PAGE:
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Tibetan Buddhist Sand Mandala

Tibetan Mandala is the most unique and exquisite religious art in Tibetan Buddhism. During large-scale ritual activities, the lamas in the temple use millions of sand grains to depict the grand world of the Buddhist country. This world constructed from fine sand is called a mandala, also known as a “sand mandala”. In the Tantric culture of Tibetan Buddhism, the Tibetan mandala symbolizes the origin of the structure of the universe, and its center is the dwelling place of the gods. This process may last for several days or even several months. However, the precise Buddhist sand art created by the lamas with great efforts is not used to show the world its beauty. The world depicted in the sand will be swept away after a ceremony without hesitation, and it will disappear in an instant. And those sand will be put into bottles and poured into rivers.

To put it simply, sand mandalas are a sacred and ancient Tibetan Buddhist art form. ‘Mandala’ is called dul-tson-kyil-khor in Tibetan, which means mandala of colored sand powder. In Sanskrit, Mandala means circle. If we look a little deep into its religious linkage, ‘mandala’ is the term used to represent harmony and wholeness at the heart of the Tibetan Buddhist universe. It’s originated 2,500 years ago, the Buddha himself taught his disciples to make the altar of the sand mandala. This exquisite religious art has been passed down from generation to generation. In the eleventh century, it spread from North India to Tibet and had been preserved till today.

What is Tibetan Sand Mandala?

“Mandala” originated from Indian Buddhism and is used as a map where the Buddhist deities and relatives gather.

According to Tibetan Buddhism tradition, in order to prevent the intrusion of demons or non-Buddhists, practitioners used to draw a boundary circle or build an earthen altar at the practice site and set a Tathāgata statue on it. This represents Buddha and his true merits and virtues that are perfect and full without any deficiency. Later, the altar set and the boundary line were called mandalas.

The mandala paints the Buddhist ritual implements, the deities’ palace, and the structure of the Buddha-field, constructed in three-dimensional or two-dimensional geometric shapes.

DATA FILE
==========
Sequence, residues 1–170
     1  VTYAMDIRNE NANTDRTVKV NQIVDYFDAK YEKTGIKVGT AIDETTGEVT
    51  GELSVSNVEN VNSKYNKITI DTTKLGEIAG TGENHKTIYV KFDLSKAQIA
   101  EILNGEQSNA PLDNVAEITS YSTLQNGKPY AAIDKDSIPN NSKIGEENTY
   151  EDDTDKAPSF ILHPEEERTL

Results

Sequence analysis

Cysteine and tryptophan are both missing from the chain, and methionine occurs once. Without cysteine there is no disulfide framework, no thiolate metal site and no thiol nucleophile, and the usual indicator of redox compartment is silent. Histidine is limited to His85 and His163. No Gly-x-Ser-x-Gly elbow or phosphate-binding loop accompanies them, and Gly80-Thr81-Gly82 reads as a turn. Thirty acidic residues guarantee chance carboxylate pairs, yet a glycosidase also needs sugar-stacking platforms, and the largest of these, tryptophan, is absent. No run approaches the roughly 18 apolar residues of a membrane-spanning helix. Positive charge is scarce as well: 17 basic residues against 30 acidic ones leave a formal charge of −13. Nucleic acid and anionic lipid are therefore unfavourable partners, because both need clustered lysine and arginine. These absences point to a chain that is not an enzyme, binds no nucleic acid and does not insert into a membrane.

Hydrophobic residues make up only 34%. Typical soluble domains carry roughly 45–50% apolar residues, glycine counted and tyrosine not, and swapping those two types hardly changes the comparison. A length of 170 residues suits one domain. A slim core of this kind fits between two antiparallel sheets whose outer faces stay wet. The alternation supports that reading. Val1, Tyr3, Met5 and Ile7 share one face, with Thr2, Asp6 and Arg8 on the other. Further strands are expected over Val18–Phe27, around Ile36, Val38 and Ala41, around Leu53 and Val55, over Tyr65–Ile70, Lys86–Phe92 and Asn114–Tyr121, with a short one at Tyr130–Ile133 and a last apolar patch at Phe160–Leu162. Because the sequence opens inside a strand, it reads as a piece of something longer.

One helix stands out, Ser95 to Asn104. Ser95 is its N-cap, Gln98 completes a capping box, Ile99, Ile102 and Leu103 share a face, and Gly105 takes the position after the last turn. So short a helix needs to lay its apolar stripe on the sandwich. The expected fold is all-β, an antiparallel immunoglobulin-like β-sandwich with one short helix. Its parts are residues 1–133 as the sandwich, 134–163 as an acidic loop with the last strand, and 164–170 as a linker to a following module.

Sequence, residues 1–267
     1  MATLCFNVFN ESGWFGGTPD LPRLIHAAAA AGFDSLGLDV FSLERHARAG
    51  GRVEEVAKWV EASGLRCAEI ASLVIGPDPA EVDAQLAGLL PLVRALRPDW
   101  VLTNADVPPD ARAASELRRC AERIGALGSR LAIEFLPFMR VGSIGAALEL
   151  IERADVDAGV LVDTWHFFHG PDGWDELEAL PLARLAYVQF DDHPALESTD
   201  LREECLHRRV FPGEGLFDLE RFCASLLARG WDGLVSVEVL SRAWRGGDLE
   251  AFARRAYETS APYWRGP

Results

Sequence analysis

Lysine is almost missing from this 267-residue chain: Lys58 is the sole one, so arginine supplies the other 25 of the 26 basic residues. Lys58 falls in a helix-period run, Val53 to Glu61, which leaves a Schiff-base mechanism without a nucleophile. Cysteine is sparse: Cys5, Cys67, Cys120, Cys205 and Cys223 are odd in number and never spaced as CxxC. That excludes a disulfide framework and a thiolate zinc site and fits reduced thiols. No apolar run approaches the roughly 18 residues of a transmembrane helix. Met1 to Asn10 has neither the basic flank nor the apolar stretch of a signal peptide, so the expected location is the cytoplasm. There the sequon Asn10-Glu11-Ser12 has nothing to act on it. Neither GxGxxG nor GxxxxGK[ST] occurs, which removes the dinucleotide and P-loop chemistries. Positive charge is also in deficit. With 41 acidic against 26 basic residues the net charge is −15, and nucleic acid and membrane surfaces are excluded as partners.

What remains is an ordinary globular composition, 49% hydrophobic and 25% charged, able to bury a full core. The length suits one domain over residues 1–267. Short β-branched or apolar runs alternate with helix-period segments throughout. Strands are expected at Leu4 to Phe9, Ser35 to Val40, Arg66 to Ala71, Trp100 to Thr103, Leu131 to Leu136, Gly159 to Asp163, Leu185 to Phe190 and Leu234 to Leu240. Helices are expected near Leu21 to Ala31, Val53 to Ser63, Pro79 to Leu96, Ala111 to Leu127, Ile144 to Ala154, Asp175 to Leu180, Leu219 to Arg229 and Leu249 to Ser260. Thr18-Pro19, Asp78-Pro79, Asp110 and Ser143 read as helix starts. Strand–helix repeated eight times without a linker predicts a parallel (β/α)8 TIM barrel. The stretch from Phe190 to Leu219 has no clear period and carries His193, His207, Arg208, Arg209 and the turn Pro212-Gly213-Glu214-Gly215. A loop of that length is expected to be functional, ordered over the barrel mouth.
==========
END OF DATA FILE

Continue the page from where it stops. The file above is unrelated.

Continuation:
The mandala symbolizes the so-called “governance”. The opposite of “governance” is “chaos”. Severe weather, physical illness, desolate land, barbaric people, and non-Buddhist country are all “chaos.” By building a “mandala”, which can represent almost all real or spiritual things, such as a human body, a temple, a palace, a city, a piece of land, an idea, an illusion, or a political structure, “chaos” will change to “governance”. As per the above Buddhist tradition, everything in the world is generated from a mandala model, but it is just invisible to naked eyes. For example, Tibet can be considered a “mandala” centered in Lhasa and surrounded by snow-capped mountains. Similarly, Lhasa can be considered a “mandala” centered on the Jokhang Temple. The Jokhang Temple itself can also be considered as a “mandala” centered on the main altar. The political structure of Tibet is a “mandala” too, centered on the Dalai Lama and surrounded by other living Buddhas.

In Tibetan Buddhism Tantric practice, a mandala is an object that is commonly used for meditation. The image of the mandala becomes fully internalized and can then be summoned and contemplated at will as a clear and vivid visualized image. This mandala represents the pure surroundings of a Buddha.

According to different Buddhist tantric traditions, the structure and geometry itself, and the pattern portrayed within the mandala are different and extremely complex, tantric Buddhists afterward used gold, stone, wood, clay (soil), and sand to paint mandalas in different styles and sizes. This mandala represents the universe (cosmos). It is displayed in the Buddha Hall for the mandala offerings, in the form of thangkas and murals. There are exquisite mandalas painted on the walls or ceilings of the Tibetan Buddhist temples. A fixed pattern with specific symbolic meaning must be respected when creating a mandala, and the specification and scale of Buddha statues are clearly stipulated, and they must not be changed to avoid reducing their sacredness.

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